The Forest Department hired a professional hunter. He set up a small, hidden platform in a free near a river where two of the attacks had taken place. A goat was tied to a stake on the river’s bank. The hunter waited several nights. He assumed the panther would be an old, wasted male with worn teeth, incapable of catching anything more difficult than a human. But it was a sleek tiger that stepped into the open one night: a female with a single cub. The goat bleated. Oddly, the cub, who looked to be about three months old, paid little attention to the goat. It raced to the water’s edge, where it drank eagerly. Its mother followed it. Of hunger and thirst, thirst is the greater urge. Only once the tiger had quenched her thirst did she turn to the goat to satisfy her hunger.
The hunter had two rifles with him: one with real bullets, the other with immobilizing darts. This animal was not the man-eater, but so close to human habitation she might pose a threat to the villagers, especially as she was with cub. He picked up the gun with the darts. He fired as the tiger was about to attack the goat. The tiger reared up and snarled and raced away. But immobilizing darts don’t bring on sleep gently—they knock the creature out without warning. A burst of activity on the animal’s part makes it act all the faster. The hunter called his assistants on the radio. They found the tiger about two hundred yards from the river. She was still conscious. Her back legs had given way and her balance on her front legs was shaky. When the men got close, she tried to get away but could not manage it. She turned on them, lifting a paw that was meant to kill. It only made her lose her balance. She collapsed and the Pondicherry Zoo had two new tigers. The cub was found in a bush close by, meowing with fear.
The hunter, whose name was Richard Parker, picked it up with his bare hands and, remembering how it had rushed to drink in the river, named it Thirsty. But the shipping clerk at the Howrah train station was evidently a man both confused and diligent. All the papers received with the cub clearly stated that its name was Richard Parker, that the hunter’s first name was Thirsty add that his family name was None Given. Richard Parker’s name stuck. I don’t know if the hunter was ever called Thirsty None Given!

(a) Give the meaning of each of the following words as used in the passage.
One word answers ob short phrases will be accepted.

  1. corpse (line 6)
  2. quenched (line 16)
  3. reared (line 20)

(b) Answer the following questions briefly in your own words.

  1. Why does the author say that the panther ‘was getting bolder’? 
  2. Why did the Forest Department hire a professional hunter? 
  3. What did the hunter expect to encounter? What did he actually encounter? 
  4. What did the tiger do before turning to attack the goat? Why did it do that? 
  5. Why did the hunter decide to shoot the tiger though he knew it was not the man-eater?
  6. What name did the hunter give to the cub? Why? 

(c)

(i) In not more than 60 words narrrate how the hunter and his assistants captured the tiger and her cub. 
(ii) Give a suitable title to your summary in 3(c). Give a reason to justify your choice.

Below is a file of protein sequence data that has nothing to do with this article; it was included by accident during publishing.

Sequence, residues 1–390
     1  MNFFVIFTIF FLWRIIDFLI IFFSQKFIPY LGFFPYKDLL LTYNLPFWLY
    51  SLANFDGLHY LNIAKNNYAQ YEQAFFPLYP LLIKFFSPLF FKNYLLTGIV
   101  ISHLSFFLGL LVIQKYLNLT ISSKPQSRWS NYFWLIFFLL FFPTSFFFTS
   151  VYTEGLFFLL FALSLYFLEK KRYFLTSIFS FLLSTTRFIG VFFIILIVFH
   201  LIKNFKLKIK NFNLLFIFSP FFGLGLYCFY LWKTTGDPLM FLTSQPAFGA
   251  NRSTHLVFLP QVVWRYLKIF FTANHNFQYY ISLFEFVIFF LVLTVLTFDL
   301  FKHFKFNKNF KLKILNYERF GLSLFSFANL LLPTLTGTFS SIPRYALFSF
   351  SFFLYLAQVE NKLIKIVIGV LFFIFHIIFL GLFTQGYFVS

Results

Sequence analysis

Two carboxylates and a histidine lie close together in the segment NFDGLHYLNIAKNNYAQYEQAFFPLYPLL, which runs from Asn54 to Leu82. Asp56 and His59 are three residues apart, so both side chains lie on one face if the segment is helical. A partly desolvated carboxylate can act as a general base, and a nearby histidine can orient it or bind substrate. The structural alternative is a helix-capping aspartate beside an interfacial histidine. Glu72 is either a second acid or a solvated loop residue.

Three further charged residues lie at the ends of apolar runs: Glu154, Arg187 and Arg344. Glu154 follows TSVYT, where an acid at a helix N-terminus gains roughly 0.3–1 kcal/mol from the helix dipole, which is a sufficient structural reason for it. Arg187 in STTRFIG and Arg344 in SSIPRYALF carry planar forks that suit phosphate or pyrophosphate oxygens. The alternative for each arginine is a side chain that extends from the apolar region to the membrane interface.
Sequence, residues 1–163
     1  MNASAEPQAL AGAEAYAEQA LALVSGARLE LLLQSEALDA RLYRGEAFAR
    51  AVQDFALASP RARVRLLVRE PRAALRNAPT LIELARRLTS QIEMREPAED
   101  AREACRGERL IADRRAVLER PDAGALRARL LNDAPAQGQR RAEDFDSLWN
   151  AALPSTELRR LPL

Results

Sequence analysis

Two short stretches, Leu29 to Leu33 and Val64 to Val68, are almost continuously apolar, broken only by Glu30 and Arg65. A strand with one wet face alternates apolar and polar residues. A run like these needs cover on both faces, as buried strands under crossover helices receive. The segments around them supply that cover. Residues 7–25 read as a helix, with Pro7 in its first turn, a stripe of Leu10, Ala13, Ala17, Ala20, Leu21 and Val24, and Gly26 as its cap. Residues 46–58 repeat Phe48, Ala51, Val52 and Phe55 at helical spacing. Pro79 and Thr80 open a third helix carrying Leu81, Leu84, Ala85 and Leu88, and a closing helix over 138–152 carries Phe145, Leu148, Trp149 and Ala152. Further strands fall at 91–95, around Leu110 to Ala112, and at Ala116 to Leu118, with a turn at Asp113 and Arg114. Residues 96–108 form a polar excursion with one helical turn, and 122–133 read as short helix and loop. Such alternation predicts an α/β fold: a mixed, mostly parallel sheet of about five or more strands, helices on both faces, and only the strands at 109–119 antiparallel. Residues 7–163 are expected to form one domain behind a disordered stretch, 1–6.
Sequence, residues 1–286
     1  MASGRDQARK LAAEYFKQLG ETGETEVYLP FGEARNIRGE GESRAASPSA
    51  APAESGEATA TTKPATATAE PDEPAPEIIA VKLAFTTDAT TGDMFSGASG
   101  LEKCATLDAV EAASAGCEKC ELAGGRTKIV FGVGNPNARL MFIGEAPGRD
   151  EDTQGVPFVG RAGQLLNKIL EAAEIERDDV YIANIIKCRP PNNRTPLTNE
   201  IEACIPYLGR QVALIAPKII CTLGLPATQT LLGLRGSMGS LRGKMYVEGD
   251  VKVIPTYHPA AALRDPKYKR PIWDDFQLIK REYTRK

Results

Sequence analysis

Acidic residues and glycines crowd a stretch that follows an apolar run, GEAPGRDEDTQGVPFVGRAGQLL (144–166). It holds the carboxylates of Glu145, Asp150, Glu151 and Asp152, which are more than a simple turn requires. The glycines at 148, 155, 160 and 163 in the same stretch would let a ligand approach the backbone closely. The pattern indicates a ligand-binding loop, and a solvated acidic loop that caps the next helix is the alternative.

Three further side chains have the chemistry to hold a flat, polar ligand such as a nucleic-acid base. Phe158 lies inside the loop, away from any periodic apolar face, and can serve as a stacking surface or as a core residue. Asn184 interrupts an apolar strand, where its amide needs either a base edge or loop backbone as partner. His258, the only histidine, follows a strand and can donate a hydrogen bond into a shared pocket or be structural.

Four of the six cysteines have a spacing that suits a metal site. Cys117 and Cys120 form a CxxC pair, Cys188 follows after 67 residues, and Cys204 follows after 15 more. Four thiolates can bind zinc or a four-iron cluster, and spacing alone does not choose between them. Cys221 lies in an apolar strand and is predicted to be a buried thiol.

Why did Mrs. Pegg come lo see Braithwaite? Wh• reply did Braithwaite give to her? 


In what ways is an ant’s life peaceful?


Tilloo pressed the red button and “the damage was done”. What was the damage?


Complete the following sentence.

Ravi compares Lalli’s playing the violin to ________________.


What did the kind farmer do with the money he made from the gold?


We should be friendly towards our neighbours. Why so?


Who the author called the right person to shake the bicycle?


How the author and his friend spent the entire day?


What, according to the python, were the advantages of a long nose (trunk)?


How did Ray tackle the evil-minded shoppers?


What message did the old clocks spread as they chimed ‘Merry Christmas’ together?


Why did Swami Haridas say Tansen was ‘talented’?


What did the other courtiers feel about Tansen?


What surprises do the meadows have to offer you?


Multiple Choice Question:

According to the passage the home is a ________


Who was Taro? What was his most endearing quality?


Answer the following question:

How did Taro’s father show his happiness after drinking saké?


Mark the right item.

Taro earned very little money because ______


Use the phrase in a sentence of your own, after finding out its meaning.

broke apart


How does the child finally decide to observe his teacher’s activities at home?


With your partner, complete the following sentence in your own word using the ideas in the poem.
English is a __________________ with words that everyone can play.


Multiple Choice Question:
What are the people always eager to hear?


Replace the italicised portion of the sentence below with a suitable phrase from the box. Make necessary changes, wherever required.
I was in a difficult situation till my friends came to my rescue.


What does the phrase “take to task in the above passage mean?


Who wishes to go into the shed soon?


Read the lines given below and answer the following question:

Iris: Of her society
Be not afraid. I met her deity
Cutting the clouds towards Paphos, and her son
Dove-drawn with her.

Whom does Iris refer to as ‘her’?


Read the lines given below and answer the following question:

Iris: Of her society
Be not afraid. I met her deity
Cutting the clouds towards Paphos, and her son
Dove-drawn with her.

Why was the person addressed afraid of “her”?


Read the lines given below and answer the following question:

Iris: Of her society
Be not afraid. I met her deity
Cutting the clouds towards Paphos, and her son
Dove-drawn with her.